Disk types and configurations

  • Default OS disks: These disk types offer persistent data and caching. They are optimized for OS access at startup, and aren't designed for either transactional or data warehouse (analytical) workloads.

  • Unmanaged disks: With these disk types, you manage the storage accounts that store the virtual hard disk (VHD) files that correspond to your VM disks. VHD files are stored as page blobs in Azure storage accounts.

  • Managed disks: Azure manages the storage accounts that you use for your VM disks. You specify the disk type (premium or standard) and the size of the disk that you need. Azure creates and manages the disk for you.

  • Premium storage disks: These disk types are best suited for production workloads. Premium storage supports VM disks that can be attached to specific size-series VMs, such as DS, DSv2, GS, and F series VMs. The premium disk comes with different sizes, and you can choose between disks ranging from 32 GB to 4,096 GB. Each disk size has its own performance specifications. Depending on your application requirements, you can attach one or more disks to your VM.

When you create a new managed disk from the portal, you can choose the Account type for the type of disk you want to use. Keep in mind that not all available disks are shown in the drop-down menu. After you choose a particular VM size, the menu shows only the available premium storage SKUs that are based on that VM size.

Screenshot of the managed disk page

After you configure your storage on a VM, you might want to load test the disks before creating a database. Knowing the I/O rate in terms of both latency and throughput can help you determine if the VMs support the expected throughput with latency targets.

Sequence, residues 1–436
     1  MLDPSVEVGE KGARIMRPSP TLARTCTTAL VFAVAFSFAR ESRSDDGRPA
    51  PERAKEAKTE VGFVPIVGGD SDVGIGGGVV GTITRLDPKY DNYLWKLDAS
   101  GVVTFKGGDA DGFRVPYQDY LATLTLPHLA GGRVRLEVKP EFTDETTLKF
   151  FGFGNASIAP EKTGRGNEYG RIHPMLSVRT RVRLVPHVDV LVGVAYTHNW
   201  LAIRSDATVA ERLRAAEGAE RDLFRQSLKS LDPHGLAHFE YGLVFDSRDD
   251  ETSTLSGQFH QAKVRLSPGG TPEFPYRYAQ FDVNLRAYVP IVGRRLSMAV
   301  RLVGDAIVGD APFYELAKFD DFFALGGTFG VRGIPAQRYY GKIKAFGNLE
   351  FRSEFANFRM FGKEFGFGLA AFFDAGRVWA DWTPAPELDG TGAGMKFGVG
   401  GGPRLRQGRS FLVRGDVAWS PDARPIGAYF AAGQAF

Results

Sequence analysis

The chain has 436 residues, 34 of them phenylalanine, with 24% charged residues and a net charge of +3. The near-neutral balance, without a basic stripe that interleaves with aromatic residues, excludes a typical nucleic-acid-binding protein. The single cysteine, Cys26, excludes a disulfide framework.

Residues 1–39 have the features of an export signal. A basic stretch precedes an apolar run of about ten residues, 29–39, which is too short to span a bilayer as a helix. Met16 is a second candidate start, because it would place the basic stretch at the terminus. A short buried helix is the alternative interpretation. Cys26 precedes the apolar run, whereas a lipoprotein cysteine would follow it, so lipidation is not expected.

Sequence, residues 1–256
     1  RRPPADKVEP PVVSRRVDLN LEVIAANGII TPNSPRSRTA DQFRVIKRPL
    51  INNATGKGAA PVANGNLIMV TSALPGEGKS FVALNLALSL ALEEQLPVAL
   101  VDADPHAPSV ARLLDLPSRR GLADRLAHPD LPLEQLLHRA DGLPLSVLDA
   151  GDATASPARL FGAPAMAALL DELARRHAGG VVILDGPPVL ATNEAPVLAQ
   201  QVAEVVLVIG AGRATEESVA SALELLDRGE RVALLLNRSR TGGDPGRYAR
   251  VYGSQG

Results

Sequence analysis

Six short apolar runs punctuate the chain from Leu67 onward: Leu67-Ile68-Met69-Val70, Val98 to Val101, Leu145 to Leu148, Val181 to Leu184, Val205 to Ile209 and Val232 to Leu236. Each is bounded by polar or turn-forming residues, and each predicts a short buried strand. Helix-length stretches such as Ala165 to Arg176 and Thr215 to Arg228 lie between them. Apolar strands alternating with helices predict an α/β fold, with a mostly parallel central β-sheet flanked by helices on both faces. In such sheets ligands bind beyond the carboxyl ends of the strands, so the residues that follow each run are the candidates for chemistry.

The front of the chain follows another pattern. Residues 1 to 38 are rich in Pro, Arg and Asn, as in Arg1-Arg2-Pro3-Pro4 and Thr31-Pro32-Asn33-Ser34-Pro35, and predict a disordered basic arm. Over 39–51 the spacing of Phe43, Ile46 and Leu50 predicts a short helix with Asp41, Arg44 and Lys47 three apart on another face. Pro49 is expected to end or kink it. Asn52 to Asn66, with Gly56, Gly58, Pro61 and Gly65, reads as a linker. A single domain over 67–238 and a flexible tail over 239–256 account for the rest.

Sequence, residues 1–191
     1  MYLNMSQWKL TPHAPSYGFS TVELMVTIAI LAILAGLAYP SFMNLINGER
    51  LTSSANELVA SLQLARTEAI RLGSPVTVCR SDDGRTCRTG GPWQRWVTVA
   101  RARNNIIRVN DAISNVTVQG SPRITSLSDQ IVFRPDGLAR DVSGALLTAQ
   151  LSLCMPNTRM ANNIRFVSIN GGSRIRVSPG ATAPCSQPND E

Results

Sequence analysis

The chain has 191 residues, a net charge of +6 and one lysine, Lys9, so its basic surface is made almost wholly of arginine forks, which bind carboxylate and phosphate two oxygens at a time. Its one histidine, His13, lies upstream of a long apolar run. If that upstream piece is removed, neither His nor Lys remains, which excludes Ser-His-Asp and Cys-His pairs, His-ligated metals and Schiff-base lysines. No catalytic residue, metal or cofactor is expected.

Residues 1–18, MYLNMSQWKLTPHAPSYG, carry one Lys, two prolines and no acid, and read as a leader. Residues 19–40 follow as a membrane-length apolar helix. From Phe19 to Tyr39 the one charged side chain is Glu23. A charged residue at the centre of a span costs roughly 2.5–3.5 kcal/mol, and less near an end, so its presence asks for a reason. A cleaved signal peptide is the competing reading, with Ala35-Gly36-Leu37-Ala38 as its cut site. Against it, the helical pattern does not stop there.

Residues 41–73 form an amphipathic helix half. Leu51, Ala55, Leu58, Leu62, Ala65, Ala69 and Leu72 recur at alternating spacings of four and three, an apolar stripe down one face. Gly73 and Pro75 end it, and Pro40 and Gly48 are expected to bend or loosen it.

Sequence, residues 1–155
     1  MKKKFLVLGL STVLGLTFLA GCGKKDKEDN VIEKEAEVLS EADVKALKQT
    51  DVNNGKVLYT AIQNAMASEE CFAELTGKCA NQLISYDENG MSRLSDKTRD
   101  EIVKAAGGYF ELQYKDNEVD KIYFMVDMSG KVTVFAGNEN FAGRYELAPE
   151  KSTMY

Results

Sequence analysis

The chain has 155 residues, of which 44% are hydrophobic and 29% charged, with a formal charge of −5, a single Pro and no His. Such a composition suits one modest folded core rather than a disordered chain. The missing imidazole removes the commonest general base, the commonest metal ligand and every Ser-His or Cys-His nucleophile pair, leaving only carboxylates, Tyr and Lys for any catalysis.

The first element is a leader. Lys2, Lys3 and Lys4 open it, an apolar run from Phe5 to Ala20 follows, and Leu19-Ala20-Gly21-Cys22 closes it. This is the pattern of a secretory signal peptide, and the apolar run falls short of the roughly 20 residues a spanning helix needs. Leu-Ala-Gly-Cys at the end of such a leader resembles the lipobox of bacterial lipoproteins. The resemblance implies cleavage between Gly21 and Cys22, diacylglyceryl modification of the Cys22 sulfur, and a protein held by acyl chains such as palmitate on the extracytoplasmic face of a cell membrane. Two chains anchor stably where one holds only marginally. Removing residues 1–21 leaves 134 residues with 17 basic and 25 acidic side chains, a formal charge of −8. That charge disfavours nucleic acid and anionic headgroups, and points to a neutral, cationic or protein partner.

There are a number of tools for application load testing, such as Oracle Orion, Sysbench, and Fio.

Run the load test again after you've deployed an Oracle database. Start your regular and peak workloads, and the results show you the baseline of your environment.

It might be more important to size the storage based on the IOPS rate rather than the storage size. For example, if the required IOPS is 5,000, but you only need 200 GB, you might still get the P30 class premium disk even though it comes with more than 200 GB of storage.

The IOPS rate can be obtained from the AWR report. It's determined by the redo log, physical reads, and writes rate.

Screenshot of the AWR report page

For example, the redo size is 12,200,000 bytes per second, which is equal to 11.63 MBPs. The IOPS is 12,200,000 / 2,358 = 5,174.

After you have a clear picture of the I/O requirements, you can choose a combination of drives that are best suited to meet those requirements.

Recommendations

  • For data tablespace, spread the I/O workload across a number of disks by using managed storage or Oracle ASM.
  • As the I/O block size increases for read-intensive and write-intensive operations, add more data disks.